30 March 2019
By nature, we seek facts and trustworthy information. However, in the competition for power, lies are often used to discredit the opponents and improve one’s competitive advantage. The digital age has brought this clash to a new level. In this post-truth setting, facts have become enemies, and democracy may fall victim.
It would be of little surprise to anyone that disinformation campaigns are both aggressively active in Europe and effective in their pursuits. However, the sheer number of false accounts and bots disseminating “fake news” is staggering and, according to recent data, on the rise.
Nevertheless, there are new tools for fighting disinformation which will be made available not only for the political sphere but also for the general public and business sector.
In 2018, 66% of links shared on Twitter came from automated accounts. Of those, 44% of the links were from conservative political websites/news while 41% were focused on a liberal agenda.
Last year, about one million Twitter accounts were checked every month due to questionable content, and roughly, 75% of them were deleted.
The first report published by Facebook reveals that in the first quarter of last year, 583 million fake accounts were deleted, which accounted for 837 million spam posts.
Nevertheless, Facebook estimates that roughly 4% of its accounts are still fake. Moreover, the criminal use of bots in cyberspace is such a serious problem that the World Federation of Advertisers estimates that the damages will soon reach nearly 50 billion USD and become second only to the drugs trade as a source of income for organised crime globally. This shows the scale of the phenomenon that already affects all internet users, including voters.
The Internet and the tools it provides have revolutionised the way electoral campaigns are run, which is why political parties are earmarking ever larger funds for online electoral campaigns.
With the introduction of new regulations on social media platforms and their potential liability as an accessory to intentional disinformation, the largest platforms are introducing new self-regulatory mechanisms.
At the same time, the so-called Robotrolling is flourishing, mainly in the Baltic states and in Poland, while in social media fake accounts represent 54% of all Russian-language news about NATO. This poses a great threat because anonymous accounts using new technologies are especially predominant on Twitter despite the efforts taken to delete fake accounts.
Content amplification in electoral campaigns is a dangerous weapon against democratic decision-making mechanisms, but there are three types of effective tools to counter their impact.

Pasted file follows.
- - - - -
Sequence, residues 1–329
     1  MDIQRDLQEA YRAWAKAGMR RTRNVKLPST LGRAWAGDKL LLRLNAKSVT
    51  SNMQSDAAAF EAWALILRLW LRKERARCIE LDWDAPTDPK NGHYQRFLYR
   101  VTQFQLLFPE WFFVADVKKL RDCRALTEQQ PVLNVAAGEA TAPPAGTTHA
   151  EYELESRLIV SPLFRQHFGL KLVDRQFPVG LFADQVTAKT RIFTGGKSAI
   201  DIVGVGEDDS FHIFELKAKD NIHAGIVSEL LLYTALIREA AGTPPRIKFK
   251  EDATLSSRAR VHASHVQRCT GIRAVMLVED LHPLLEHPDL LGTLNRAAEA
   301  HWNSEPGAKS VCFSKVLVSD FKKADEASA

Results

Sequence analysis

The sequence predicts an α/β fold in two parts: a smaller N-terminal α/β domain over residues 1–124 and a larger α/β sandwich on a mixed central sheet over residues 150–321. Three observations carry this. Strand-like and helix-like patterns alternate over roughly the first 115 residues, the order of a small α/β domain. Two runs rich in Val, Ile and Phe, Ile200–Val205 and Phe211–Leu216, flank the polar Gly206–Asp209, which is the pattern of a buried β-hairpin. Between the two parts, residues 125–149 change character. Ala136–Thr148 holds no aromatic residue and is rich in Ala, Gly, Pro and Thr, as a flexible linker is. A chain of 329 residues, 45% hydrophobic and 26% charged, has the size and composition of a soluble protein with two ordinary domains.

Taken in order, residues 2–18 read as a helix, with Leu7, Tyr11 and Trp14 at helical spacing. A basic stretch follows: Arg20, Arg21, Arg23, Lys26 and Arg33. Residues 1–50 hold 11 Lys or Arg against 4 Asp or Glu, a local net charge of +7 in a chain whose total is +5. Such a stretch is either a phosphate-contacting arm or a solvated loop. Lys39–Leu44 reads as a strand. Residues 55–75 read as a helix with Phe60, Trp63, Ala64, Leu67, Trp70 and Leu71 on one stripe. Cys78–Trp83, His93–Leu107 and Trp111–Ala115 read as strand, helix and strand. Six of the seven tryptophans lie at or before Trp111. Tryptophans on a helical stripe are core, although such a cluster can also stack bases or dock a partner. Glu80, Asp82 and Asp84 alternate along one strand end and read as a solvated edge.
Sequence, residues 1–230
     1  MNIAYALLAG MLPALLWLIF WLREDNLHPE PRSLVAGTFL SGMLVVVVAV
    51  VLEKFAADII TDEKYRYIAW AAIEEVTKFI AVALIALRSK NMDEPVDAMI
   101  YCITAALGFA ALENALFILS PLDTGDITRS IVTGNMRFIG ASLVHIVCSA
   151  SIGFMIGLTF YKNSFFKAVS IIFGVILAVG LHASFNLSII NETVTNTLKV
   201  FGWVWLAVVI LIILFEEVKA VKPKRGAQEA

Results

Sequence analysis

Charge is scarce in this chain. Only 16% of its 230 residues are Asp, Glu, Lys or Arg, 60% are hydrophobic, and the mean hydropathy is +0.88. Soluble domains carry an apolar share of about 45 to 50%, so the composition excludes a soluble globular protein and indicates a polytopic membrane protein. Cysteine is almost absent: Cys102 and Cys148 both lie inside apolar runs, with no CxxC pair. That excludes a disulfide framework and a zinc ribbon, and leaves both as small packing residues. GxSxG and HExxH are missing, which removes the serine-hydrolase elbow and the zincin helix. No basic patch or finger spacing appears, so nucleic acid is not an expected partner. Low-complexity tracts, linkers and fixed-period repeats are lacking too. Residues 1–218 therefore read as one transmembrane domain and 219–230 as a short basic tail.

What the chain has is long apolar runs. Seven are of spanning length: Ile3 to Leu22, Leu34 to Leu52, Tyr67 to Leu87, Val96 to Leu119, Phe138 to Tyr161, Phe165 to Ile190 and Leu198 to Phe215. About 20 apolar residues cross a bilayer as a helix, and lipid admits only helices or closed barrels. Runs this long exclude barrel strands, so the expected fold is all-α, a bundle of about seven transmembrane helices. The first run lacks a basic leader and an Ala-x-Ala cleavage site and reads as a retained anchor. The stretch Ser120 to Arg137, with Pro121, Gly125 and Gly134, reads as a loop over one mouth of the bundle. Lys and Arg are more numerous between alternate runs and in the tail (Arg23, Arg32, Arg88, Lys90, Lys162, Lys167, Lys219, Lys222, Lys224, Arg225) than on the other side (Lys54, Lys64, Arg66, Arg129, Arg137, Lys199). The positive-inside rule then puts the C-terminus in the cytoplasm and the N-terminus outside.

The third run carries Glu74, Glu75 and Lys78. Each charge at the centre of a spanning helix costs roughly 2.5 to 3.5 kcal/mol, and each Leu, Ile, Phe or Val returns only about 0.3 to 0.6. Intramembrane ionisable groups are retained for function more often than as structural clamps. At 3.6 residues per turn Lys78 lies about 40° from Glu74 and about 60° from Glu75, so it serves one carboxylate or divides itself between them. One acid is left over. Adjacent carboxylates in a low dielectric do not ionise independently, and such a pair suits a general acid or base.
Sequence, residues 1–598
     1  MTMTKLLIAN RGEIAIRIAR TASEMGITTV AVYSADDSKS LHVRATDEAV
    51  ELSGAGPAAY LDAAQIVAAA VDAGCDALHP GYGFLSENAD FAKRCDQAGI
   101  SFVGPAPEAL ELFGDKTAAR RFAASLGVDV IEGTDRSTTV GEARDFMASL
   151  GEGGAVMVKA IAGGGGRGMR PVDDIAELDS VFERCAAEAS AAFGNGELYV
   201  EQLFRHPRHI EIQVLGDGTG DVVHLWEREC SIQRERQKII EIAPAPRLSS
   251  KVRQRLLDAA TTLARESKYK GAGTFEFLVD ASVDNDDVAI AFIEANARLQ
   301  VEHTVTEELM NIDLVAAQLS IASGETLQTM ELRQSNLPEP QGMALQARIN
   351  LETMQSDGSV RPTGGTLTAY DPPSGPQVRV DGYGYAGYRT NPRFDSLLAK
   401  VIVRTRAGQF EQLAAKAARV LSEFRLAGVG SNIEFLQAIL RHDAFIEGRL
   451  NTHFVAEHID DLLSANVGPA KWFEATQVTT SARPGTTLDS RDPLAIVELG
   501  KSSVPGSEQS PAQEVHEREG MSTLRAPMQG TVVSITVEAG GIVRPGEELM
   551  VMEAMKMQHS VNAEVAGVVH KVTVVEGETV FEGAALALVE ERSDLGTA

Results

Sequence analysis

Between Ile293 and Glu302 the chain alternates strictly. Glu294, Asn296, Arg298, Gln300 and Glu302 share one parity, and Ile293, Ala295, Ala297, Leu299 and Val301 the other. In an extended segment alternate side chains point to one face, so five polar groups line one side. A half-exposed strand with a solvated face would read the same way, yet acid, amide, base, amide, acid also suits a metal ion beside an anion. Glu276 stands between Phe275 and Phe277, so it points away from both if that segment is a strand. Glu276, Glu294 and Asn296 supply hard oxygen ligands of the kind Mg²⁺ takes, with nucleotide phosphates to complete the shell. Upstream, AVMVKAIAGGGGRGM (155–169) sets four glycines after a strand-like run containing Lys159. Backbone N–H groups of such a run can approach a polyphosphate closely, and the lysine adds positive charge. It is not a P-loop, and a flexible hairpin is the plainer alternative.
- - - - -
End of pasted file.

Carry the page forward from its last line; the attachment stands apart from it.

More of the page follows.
The first one is information and education while the second is high journalistic standards supported by regulations fostering freedom and financial outlays.
The third, the most important component, are the innovative digital tools to detect and counteract real-time automated campaigns, the preparation and implementation of which will undergo the first major test during 2019 electoral campaigns.
We are using the plural form because if we were to count elections in each EU member state separately and add to them to all the national elections taking place in Europe, then we can talk of more than fifty electoral campaigns on the continent, in which disinformation and cyber defence tools alike will be used.
Attempts to influence the way political decisions are taken outside of one’s political sphere is not a new phenomenon, and the recent years have shown that even the largest Western democracies are not impervious to this type of attack.
As revealed by the survey conducted in September 2018, the amount of fake news disseminated by internet users is the main problem for European citizens. Among others, the European Commission asked in the survey:
How concerned are you with disinformation and misinformation on the internet?
(% of respondents)
How concerned are you that the personal data people leave on the internet is used to target the political messages they see, undermining free and fair competition between all political parties?
(% of respondents)
How concerned are you with restrictions and censorship of political debates on online social media?
(% of respondents)
Overall, 73% respondents declared to have a fear of disinformation, and 30% are very concerned about disinformation.
This issue should be clearly high on top of priorities for the future European Parliament and the Commission.
Visegrad Insight 2 (14) 2019
European Parliamentary #Futures
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Published by Res Publica Foundation
Partner: Konrad Adenauer Foundation
Supported by: ABTSHIELD
Wojciech Przybylski, Editor-in-Chief
Marcin Zaborowski, Senior Associate
Magda Jakubowska, Director of Operations
Galan Dall, Managing Editor
Anhelina Pryimak, Editorial Assistant
Anna Kulikowska-Kasper, Contributor
Paweł Kuczyński, Illustrations
Rzeczyobrazkowe, Graphic Design